(Let sweat, not blood, flow)
Լայն երակին մէջ ակօսին.
 (In the broad vein of the furrow,)
Ու երբ հնչէ կոչնակն ամէն գիւղակի՛ (And at the toll of each hamlets bell)

Օրհներգութ՜իւն թող ըլլայ։ (Let there rise hymns of exaltation.)

Արեւմտեան կողմն աշխարհի (At the Western part of the earth)
Բերրիութի՜ւն թող ըլլայ... (Let there be fecundity )
Ամէն աստղէ ցող կայլակի, (Let each star sparkle with dew,)
Ու ամէն հասկ ցուլէ ոսկի. (And each husk be cast in gold,)
Եւ ոչխարներն երբ սարին վրայ արածին՛ (And as the sheep graze on the hills)
Ծիլ ու ծաղիկ թող ըլլայ։ (Let bud and blossom bloom.)

Հիւսիսային կողն աշխարհի (At the Northern part of the earth)
Առատութի՜ւն թող ըլլայ... (Let there be abundance )
Ոսկի ծովուն մէջ ցորեանին (In the golden sea of the wheat field)
Յաւէտ լողայ թող գերանդին. (Let the scythe swim incessantly)
Ու լայն ամբարն աղուններուն երբ բացուի՛ (And as gates of granaries open wide)
Բերկրութիւն թող ըլլայ։ (Jubilation let there be.)

Հարաւային կողմն աշխարհի (At the Southern part of the earth)
Պըտղաբերում թող ըլլայ... (Let all things bear fruit)
Ծաղկի՜ մեղրը փեթակներուն, (Let the honey thrive in the beehive)
Յորդի գինին բաժակներուն. (And may the wine run over the cups)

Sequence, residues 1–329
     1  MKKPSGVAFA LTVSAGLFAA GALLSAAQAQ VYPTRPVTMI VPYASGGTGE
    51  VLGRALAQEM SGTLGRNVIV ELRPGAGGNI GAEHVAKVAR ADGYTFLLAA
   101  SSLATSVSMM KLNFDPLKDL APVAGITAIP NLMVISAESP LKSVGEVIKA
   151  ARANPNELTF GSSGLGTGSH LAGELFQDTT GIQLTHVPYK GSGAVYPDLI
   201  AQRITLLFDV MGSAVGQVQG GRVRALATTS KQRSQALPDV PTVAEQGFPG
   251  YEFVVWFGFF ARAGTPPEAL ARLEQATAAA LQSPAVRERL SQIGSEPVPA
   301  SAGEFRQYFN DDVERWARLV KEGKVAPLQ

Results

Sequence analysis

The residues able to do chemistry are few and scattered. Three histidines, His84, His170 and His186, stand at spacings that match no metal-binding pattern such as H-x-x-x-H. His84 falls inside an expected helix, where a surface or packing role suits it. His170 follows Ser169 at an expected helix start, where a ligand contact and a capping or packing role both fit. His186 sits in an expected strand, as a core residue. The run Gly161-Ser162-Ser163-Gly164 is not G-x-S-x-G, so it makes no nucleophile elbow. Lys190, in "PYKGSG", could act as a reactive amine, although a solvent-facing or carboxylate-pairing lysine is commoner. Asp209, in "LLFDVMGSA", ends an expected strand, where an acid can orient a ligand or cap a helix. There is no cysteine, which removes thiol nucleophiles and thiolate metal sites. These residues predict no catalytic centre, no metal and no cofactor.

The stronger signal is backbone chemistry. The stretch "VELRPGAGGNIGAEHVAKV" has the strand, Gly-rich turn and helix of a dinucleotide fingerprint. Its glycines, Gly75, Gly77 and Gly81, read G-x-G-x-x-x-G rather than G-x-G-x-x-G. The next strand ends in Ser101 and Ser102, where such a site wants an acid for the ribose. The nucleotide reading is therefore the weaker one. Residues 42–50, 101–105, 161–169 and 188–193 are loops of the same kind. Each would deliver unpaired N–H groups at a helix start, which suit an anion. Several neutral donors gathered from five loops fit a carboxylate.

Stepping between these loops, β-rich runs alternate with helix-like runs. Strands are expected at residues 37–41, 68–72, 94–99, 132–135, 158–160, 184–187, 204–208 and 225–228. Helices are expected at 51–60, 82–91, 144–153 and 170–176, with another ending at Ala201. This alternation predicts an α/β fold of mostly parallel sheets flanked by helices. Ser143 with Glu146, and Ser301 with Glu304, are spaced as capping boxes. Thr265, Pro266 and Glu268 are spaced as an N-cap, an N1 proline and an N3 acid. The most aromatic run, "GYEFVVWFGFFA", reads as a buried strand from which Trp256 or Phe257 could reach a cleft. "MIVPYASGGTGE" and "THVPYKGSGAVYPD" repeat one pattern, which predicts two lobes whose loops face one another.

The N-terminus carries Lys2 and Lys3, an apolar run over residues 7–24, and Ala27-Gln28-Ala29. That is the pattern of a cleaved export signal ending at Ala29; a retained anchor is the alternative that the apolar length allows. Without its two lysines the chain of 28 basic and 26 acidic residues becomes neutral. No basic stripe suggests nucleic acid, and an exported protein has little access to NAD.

Ու երբ թխեն հարսերը հացը բարի՛ (And when brides bake the blessed bread)
Սիրերգութի՜ւն թող ըլլայ։ (Let the sound of song rise and spread.)


** To see the meaning of Andastan see;
http://hyeforum.com/...e=1

#10 Arpa

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Posted 15 February 2014 - 12:45 PM

Please bear with me. This is kind of a repeat, except where I juxtaposed the original in Armenian and the English translation (by me) for the benefit of all. My desperate attempt to revive HyeForum and bring it back to its original mission.
========
ՎԱՐՈՒԺՆԱԿԻՍ

Աղուո՜ր, աղուո՜ր, աղուո՜ր վարդն իմ Գարունիս`
Որ սըրտիս վրայ բացուեցար,
Եվ քեզի հետ բացիր հոգիս վըշտահեղձ
Նոր երազի մը պայծառ:

Հին օրորանն, որ թաղարի պէս լըքուած,
Կըլլար խըշտեակը սարդին,
Կենդանացա՜ւ ճըռվողիւնով, բոյնի պէս
Պաճուճուեցավ վերըստին:

Արեւ մը նոր, շողերուն հետ աչքերուդ,
Շէմիս վըրա ցաթեցավ.
Եվ վանդակին մէջ կաքավս վիրավոր
Կարկաջեց երգ մը անձկավ:

Դուն սենեակէ սենեակ թըռար դեդեւուն
Բոյնէն ինկած ծիտի պէս.
Ձայնէդ դիււթուած` այցելեցին տընակիս
Սերոբեներ լուսագէս:

Աղուո՜ր, աղուո՜ր, աղոո՜ր վարդն իմ Գարունիս,
Եկուր նըստէ` ծունկերուս.
Թող լուսնակի պէս` մըռայլ ծոցս ողողեն
Ոսկի վարսերըդ սընդուս:

Շըղթայէ վիզըս այդ թեւերովըդ քընքոյշ
Նըման ծաղկէ մանեակի.
Ժըպտէ՛ ինծի, որ ցուրտ անդունդը սըրտիս
Արշալոյսո՛վ բըռընկի:

Խոսէ՛ ինծի, անծանօթ խօսքը, զոր դուն
Երկինքէն հետըդ բերիր,
Կը բանայ շողը` վարդն, իսկ շուրթը մանկան
Աստուծոյ մատը կարմիր:

Նայէ՛ ինծի, լուսնակն ինչպէս կը նայի
Դամբանին խորը խաւար.
Սերըս մեռած` պիտի առնէ հարութիւն
Ու պիտ ապրի քեզ համար:

Քեզի՜ համար, որուն միսն է գոյացած
Շուշաններու թերթերէն,
Միւռանաբոյր շապիկն հիւուսուած է թեւով
Թիթեռներու նըկարէն:

Քեզի՜ համար, ո՛վ իմ քերթուածըս անմահ`